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Wilhelm Heinrich Riehl: Excerpt from Land and People (1851)

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In 1848 and 1849 Rheinhessen was mainly democratically inclined. This province, however, would have been of an entirely different view if one hadn’t pushed Mainz into the corner with the building of the Taunus and Main-Neckar railroad, which benefited the artificial middle point of the region, namely Darmstadt. Similar facts could be claimed of almost all natural centers of trade and commerce, and linked to this are a series of remarkable experiences that we have had in recent years. A deep hatred has entered our revolutionary movement, a jealousy continuously expressed in a running battle of the natural, historical cities against the artificial cities, which represent a slap in the face of history. In a good many smaller lands, the thirst for freedom stemmed from the desire to be relieved of the burden of its artificial capital more than the desire to be rid of all of the burdens imposed upon the land by this capital over generations. This relates to the clear impression that, in so many old seats of industry and trade, radicalism reigns not only among the proletariat, but especially among the well-off business people; that in many former imperial cities, which once were the cradle of the genuinely conservative German middle class, now the destructive modern social teachings gain entry the most easily. The old complaint about the stepmother love which the modern state has shown toward the material blossom of these cities has found in the new political movement new fodder, and so has caused the curious distortion in party-building, whereby the propertied, wealthiest, most upright burgher goes hand-in-hand with the homeless, propertyless apostles of revolution.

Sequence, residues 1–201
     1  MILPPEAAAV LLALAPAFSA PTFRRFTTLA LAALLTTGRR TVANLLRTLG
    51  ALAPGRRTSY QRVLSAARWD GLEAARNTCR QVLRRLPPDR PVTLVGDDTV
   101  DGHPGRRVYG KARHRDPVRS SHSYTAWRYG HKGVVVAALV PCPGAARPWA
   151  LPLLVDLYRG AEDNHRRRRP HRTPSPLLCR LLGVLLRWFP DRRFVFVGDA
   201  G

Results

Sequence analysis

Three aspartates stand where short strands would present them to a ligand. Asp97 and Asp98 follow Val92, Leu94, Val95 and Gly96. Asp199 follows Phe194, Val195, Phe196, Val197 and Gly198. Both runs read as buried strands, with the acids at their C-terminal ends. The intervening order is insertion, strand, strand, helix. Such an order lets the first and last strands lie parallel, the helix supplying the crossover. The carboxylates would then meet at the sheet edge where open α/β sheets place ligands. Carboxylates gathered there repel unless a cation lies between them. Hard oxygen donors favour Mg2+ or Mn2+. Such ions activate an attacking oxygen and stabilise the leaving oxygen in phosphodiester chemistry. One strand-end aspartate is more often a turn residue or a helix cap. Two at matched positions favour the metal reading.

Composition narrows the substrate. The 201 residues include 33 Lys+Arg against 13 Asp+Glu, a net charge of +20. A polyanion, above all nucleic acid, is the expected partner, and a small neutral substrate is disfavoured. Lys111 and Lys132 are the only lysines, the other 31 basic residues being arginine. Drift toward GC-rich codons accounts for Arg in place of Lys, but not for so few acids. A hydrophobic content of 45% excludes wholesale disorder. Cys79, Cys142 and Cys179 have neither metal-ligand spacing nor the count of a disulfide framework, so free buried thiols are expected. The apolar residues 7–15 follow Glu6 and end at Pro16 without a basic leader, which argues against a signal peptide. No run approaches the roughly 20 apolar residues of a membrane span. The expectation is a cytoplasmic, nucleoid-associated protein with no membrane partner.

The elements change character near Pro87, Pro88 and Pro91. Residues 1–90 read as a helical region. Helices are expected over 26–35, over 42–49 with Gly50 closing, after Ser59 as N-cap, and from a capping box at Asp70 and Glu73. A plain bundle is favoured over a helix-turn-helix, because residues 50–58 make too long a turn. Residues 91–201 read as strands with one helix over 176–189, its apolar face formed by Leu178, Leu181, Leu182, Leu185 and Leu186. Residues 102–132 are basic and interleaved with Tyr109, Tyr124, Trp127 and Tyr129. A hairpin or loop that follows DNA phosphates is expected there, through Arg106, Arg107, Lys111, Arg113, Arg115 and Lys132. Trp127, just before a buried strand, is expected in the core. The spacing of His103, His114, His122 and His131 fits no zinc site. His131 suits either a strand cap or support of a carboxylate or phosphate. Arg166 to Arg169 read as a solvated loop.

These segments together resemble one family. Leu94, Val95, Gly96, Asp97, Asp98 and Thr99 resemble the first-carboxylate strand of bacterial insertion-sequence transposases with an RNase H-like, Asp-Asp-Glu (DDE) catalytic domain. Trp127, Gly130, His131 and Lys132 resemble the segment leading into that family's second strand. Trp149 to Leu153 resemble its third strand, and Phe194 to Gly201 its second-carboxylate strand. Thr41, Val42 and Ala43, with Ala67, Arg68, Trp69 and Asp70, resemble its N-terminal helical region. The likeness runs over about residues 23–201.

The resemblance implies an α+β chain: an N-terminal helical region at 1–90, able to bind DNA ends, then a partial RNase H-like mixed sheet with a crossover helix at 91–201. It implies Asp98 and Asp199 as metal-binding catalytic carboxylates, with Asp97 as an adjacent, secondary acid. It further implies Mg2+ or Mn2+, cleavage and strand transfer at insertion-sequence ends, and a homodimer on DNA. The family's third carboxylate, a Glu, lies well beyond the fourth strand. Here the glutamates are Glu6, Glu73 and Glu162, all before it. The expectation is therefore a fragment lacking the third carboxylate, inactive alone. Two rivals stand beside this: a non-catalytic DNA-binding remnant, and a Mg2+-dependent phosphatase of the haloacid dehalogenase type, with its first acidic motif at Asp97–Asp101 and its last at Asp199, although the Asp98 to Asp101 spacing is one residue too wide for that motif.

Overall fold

When I speak of artificial cities and artificial national centers, I think about Karlsruhe in contrast with Mannheim and Constance, etc. I think about Stuttgart in contrast to Esslingen, Reutlingen and Heilbronn, about Darmstadt in contrast to Mainz and Frankfurt, about Wiesbaden in relation to Limburg, about the capital cities of the northwest German states in contrast to Hamburg, Lübeck, and Bremen and so on throughout almost all of Germany. The unnaturalness and eccentricity of the artificial cities under discussion here is not founded upon the fact that they exist at all as cities, for many of them are ancient. Nor does it rest upon the fact that they happen to be royal seats, which as far as I'm concerned can date back many long centuries. It rests solely upon the fact that one has tried to artificially elevate these cities to be traffic hubs, to be seats of industry, to be large cities. We find with the artificial cities exactly the same situation as with the small states, which would certainly have the right to exist, if only they did not aspire to exist as large states. And in fact the artificial cities are the proper bases and buttresses for the political fragmentation born of the existence of the many small states, as both have the same reason to fear the natural reform of our national conditions.

[ . . . ]

Source: Wilhelm Heinrich Riehl, Land und Leute (1851). Stuttgart and Berlin: J.G. Cotta'sche Buchhandlung, 1908, pp. 89-96.

Translation: James Sievert

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